After the battle, though - the Alamo complex went back to being a military garrison: when Texas joined the Union, it became a US Army supply depot. Supplies for the Army forts out on the southern end of the frontier were brought up from the coast, and shipped out by wagon train. The chapel was indeed a warehouse and the plaza in front was a military wagon park - up until the mid 1870s, when the the growing town pressed in on either side, and the Army built a new establishment at Fort Sam Houston, a little north of town.
It was the Daughters of the Republic of Texas who got the last of it, set aside as a memorial in the late 19th century.

edutcher said...

Theo, no aspersions meant by the word 'claiming'.

As for the whole filibustering thing, almost every American, family in tow, who hit the trail in the 1840s for Oregon or California technically fell into the same slot. To them, land was land and a great many only saw the opportunity. In the end, who did or didn't belong in Oregon or Texas was something of a fuzzy thing. California, OTOH, was another matter, as Jedediah Smith could attest.

WV "resspe" What you need before you bake a cake.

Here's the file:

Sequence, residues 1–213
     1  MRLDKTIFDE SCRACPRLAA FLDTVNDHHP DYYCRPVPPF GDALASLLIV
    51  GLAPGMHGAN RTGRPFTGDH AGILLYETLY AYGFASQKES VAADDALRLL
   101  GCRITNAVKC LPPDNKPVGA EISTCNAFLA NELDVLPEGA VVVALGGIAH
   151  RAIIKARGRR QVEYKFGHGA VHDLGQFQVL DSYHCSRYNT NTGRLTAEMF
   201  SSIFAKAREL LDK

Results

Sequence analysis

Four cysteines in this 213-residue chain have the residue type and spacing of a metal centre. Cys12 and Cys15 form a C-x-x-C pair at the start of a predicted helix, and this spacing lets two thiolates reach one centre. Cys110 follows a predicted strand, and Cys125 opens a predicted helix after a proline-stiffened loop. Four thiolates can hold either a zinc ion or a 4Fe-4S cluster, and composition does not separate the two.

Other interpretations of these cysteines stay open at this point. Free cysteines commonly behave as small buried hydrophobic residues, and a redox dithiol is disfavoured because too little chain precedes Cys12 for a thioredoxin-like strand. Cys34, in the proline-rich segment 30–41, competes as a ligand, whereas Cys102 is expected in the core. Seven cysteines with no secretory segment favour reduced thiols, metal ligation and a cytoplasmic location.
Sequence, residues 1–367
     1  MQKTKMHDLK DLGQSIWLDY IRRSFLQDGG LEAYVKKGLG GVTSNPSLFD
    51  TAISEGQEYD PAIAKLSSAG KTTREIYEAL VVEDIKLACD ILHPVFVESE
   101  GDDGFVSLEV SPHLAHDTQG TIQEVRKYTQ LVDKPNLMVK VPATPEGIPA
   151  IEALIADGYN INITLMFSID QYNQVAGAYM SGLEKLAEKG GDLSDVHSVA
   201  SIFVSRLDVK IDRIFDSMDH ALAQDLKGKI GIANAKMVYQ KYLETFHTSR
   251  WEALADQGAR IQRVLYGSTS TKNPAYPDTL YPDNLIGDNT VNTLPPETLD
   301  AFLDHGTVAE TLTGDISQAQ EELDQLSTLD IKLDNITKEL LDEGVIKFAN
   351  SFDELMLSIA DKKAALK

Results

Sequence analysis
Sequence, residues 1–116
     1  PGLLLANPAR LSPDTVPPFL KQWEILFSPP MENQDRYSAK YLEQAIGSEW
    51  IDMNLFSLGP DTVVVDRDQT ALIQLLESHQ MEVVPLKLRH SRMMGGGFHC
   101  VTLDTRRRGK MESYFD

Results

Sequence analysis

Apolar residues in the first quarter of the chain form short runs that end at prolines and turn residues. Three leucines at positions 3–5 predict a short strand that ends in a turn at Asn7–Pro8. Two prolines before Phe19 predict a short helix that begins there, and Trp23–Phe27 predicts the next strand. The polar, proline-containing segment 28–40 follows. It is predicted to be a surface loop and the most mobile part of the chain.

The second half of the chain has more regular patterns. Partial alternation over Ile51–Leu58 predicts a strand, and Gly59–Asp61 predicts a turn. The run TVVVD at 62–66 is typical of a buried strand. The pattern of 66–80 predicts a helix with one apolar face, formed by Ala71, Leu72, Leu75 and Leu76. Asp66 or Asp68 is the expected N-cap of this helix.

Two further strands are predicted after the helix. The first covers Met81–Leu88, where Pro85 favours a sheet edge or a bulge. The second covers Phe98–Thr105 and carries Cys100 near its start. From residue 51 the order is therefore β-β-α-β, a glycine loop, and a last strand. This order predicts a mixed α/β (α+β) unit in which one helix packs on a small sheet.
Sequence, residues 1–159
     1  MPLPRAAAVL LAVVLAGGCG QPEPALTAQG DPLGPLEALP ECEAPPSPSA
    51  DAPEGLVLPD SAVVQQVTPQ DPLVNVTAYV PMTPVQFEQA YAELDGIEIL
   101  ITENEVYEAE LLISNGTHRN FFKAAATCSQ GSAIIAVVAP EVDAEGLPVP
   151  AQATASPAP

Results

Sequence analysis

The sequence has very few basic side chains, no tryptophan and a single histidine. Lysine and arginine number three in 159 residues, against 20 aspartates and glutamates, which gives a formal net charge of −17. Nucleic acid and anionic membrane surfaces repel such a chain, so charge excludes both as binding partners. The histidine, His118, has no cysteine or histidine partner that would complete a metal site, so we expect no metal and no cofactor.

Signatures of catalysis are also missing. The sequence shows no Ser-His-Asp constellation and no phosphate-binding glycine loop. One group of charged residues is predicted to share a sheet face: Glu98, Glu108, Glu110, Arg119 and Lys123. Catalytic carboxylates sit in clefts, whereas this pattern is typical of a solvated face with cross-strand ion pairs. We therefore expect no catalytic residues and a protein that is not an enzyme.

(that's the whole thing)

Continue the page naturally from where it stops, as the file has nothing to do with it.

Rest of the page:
Kansas City said...

The Alamo was a mission, and it was very poorly designed as a fort. It had a very large open Plaza and that was sorrounded by mostly living type quarters. The defenders had no chance, although they did design some helpful defenses to try to hold the Mexicans back.

In hindsight, they should have tried to break out before the Mexican attack. They still would have been mostly slaughtered, but some probably would have escaped. My guess is that they were sill hoping for re-enforcements and also hoping that the evil Santa Anna did not really intend to follow his no quarter warning.

Travis was a soundrel, but a brave guy and one of the first defenders killed. At least his slave was spared, which is an unfortunate aspect of the heroic Alamo defenders - they were fighting in part to preserve slavery in Texas.

Poor Davey was 50 years old at the Alamo. Hard to imagine a 50 year old guy riding from Tennessee to San Antonio and then fighting at the Alamo.

Everyone should give Disney a break. It was 1950's family entertainment.

rcocean said...

I'm a little confused - we stole Texas and California from the Mexicans? I thought the Native Americans owned it.

As for Crockett being captured thats based on unreliable 2nd hand Mexican accounts written 20-30 years after the battle. These accounts were "discovered" in the 1950s, about the same time as the Disney Davy Crockett boom. Funny dat.

US Historians wrote them off, until the last 20-30 years, when "Professors" like Bill Ayres were hired.

Kansas City said...